Meningiomas originate in the meninges, the membranes that surround the brain and spinal cord. Most meningiomas are benign, though a minority of meningiomas can be classified as atypical or malignant. Though rare, malignant meningiomas can be highly aggressive. However, even benign meningiomas can cause problems if their growth affects the neighboring areas of the brain. Though most meningiomas grow slowly, there is no way to predict the rate of growth for a particular meningioma or to know how long a specific meningioma was growing before it was diagnosed. Signs and symptoms can vary but may include seizures, headaches, weakness in the arms and legs, and vision loss. Sometimes memory loss, carelessness, and unsteadiness are the only symptoms.
- Facts about Meningiomas. Brigham and Women's Hospital. Feb 27, 2015; http://www.brighamandwomens.org/Departments_and_Services/neurosurgery/meningioma/meningiomafacts.aspx. Accessed 10/23/2015.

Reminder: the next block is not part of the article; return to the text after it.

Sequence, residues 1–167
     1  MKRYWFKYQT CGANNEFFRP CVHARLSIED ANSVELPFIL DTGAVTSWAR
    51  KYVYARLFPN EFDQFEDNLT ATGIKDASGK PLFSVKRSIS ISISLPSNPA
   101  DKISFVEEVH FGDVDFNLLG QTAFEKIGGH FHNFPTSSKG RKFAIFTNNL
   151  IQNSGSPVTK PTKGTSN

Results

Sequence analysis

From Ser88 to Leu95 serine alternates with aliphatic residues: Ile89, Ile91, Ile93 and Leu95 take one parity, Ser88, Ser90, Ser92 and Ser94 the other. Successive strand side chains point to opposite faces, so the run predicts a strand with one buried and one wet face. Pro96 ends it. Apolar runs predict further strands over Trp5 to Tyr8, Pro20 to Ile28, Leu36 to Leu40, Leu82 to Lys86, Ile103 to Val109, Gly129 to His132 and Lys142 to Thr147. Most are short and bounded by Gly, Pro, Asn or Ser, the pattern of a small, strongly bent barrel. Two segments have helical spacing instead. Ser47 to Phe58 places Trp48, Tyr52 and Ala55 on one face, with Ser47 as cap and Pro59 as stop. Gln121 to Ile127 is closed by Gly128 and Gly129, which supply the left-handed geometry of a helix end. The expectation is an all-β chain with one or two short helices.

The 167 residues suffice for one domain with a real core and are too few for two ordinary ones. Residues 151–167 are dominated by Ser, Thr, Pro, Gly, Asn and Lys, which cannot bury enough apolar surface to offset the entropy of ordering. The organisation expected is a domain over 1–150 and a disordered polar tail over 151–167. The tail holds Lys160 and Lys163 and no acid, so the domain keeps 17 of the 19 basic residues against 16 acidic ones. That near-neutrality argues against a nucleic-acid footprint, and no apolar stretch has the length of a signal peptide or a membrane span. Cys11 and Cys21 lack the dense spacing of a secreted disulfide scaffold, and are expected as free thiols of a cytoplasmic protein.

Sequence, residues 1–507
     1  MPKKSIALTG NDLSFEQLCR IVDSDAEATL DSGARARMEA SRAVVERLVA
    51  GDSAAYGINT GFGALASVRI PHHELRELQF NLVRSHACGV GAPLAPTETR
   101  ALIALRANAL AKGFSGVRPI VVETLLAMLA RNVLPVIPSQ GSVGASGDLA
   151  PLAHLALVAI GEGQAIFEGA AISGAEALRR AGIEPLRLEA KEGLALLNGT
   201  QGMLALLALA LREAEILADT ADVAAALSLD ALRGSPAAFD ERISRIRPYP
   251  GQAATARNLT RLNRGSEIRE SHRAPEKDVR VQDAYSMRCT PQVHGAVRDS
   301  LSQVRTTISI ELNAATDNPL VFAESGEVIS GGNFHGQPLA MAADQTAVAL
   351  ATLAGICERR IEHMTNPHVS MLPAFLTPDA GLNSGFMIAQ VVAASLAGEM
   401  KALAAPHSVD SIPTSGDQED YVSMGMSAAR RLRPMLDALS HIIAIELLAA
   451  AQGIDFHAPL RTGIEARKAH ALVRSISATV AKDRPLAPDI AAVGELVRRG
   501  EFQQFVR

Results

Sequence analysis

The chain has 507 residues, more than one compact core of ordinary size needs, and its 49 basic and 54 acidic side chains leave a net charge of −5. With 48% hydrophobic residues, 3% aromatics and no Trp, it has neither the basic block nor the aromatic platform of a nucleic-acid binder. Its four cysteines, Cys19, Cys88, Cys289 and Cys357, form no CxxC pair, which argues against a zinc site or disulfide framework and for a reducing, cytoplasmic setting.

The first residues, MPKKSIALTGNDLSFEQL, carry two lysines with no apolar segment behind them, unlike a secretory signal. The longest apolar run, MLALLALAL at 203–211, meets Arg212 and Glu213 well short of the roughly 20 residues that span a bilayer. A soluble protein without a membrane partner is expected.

- Meningioma Brochure. American Brain Tumor Association. 2012. http://www.abta.org/secure/meningioma-brochure.pdf. Accessed 10/23/2015.
- Meningioma. National Organization for Rare Disorders (NORD). 2002; http://www.rarediseases.org/rare-disease-information/rare-diseases/byID/301/viewAbstract. Accessed 7/20/2011.
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- The National Organization for Rare Disorders (NORD) is a federation of more than 130 nonprofit voluntary health organizations serving people with rare disorders. Click on the link to view information on this topic.